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  • Poster presentation
  • Open Access

Seropositivity incidence of anti-Toxoplasma gondii antibodies in critically ill intensive care unit patients

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Critical Care200711 (Suppl 2) :P114

https://doi.org/10.1186/cc5274

  • Published:

Keywords

  • Healthy Volunteer
  • Encephalitis
  • Organ Transplant
  • Opportunistic Infection
  • Critical Illness

Introduction

Toxoplasma gondii, a worldwide-distributed parasite, could cause opportunistic infection with high mortality in immuno-suppressive individuals. Its association with severe manifestations of immunosuppression has been known for several decades, and the occurrence of encephalitis and disseminated disease has since been observed in different clinical conditions such as lympho-reticular neoplasias, solid organ transplants, and mainly in patients with AIDS [1]. To our knowledge, the toxoplasmosis seropositivity rate in ICU patients who have critical illness induced immuno-suppression is not yet investigated. We studied the seropositivity incidence of T. gondii in ICU patients by assessing IgG and IgM antibodies.

Materials and methods

One hundred and three ICU patients with the mean age of 53.9 ± 13.9 years (51 men, 52 women) and 78 healthy volunteers with the mean age of 51.4 ± 9.2 years (39 men, 29 women) as a control group were included in the study. Anti-T. gondii IgG and IgM antibodies were determined by ELISA. Statistical analyses were done with the chi-square test and Kolmogorov–Smirnov one-sample test. P < 0.05 was considered as statistical significance.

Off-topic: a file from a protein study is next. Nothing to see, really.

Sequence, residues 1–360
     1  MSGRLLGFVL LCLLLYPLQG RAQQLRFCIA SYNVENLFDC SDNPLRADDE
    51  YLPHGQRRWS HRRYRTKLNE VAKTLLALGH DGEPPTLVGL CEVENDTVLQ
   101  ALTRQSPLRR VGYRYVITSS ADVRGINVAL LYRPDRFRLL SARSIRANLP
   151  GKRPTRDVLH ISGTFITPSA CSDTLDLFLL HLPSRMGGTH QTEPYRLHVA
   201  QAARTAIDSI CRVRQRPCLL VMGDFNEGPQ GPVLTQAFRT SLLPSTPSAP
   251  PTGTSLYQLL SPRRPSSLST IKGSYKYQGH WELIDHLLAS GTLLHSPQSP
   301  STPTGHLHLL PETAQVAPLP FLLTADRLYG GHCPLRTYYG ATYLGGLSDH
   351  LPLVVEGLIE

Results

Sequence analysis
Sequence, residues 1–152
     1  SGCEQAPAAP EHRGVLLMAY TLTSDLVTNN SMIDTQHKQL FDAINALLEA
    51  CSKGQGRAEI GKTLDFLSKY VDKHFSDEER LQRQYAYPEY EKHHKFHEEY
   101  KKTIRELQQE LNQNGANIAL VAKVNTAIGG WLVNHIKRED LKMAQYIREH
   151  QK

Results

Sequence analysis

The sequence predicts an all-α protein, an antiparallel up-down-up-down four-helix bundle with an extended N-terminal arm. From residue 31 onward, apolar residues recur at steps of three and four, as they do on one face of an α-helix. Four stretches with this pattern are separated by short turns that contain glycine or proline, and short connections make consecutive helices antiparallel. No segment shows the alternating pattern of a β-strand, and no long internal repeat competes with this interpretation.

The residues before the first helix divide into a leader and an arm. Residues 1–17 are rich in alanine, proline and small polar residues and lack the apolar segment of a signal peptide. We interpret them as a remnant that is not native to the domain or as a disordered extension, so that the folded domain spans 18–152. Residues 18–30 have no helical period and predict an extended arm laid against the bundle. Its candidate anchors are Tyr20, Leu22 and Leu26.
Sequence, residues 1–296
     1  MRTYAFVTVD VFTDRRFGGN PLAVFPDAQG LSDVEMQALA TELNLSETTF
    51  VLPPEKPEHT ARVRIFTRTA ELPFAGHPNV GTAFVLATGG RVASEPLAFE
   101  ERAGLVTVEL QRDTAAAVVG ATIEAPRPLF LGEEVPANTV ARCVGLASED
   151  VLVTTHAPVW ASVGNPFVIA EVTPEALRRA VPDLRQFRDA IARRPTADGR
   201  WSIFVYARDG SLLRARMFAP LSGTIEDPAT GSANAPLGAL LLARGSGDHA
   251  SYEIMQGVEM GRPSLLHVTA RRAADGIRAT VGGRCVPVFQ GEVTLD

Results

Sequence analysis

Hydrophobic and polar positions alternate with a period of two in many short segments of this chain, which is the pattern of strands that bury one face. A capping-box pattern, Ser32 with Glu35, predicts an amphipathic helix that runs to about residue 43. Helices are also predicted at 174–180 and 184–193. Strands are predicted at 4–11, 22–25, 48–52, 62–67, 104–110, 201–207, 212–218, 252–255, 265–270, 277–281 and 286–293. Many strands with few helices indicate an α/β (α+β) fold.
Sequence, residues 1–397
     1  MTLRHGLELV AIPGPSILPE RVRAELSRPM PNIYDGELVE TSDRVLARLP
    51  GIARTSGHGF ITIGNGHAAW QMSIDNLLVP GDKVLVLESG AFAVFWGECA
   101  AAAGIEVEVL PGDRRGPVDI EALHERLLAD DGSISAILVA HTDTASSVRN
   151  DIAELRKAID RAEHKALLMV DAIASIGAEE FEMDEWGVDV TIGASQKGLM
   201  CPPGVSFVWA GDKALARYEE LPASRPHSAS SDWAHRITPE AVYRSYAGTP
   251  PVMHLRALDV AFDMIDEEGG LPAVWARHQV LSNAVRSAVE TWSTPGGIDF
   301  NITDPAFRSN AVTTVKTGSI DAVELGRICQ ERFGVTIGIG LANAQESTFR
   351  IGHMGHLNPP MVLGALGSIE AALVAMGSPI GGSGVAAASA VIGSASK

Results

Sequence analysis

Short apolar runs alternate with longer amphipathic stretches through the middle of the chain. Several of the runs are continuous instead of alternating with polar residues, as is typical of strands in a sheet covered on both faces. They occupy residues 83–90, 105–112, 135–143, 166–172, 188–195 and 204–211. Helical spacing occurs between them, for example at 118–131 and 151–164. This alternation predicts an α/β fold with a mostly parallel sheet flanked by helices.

Results

T. gondii IgG antibodies were positive in 56.3% of ICU patients (n = 58) and in 24.3% of healthy volunteers (n = 19) (P < 0.031). IgM antibodies were positive in 13.8% of ICU patients (n = 15) and in 6.4% of healthy volunteers (n = 5); however, this difference could not reach statistical significance.

Conclusion

The results of the study reveal that toxoplasma seropositivity is not uncommon in ICU patients. Therefore, to prevent the possibility of toxoplasmosis, seropositivity should be periodically assessed in critically ill immunocompromised ICU patients. It is clear that further studies are required to evaluate the effects of seropositivity on ICU outcome.

Authors’ Affiliations

(1)
Ankara University Medical Faculty, Ankara, Turkey

References

  1. Ferreira MS, Borges AS: Mem Inst Oswaldo Cruz. 2002, 97: 443-457.PubMedView ArticleGoogle Scholar

Copyright

© BioMed Central Ltd. 2007

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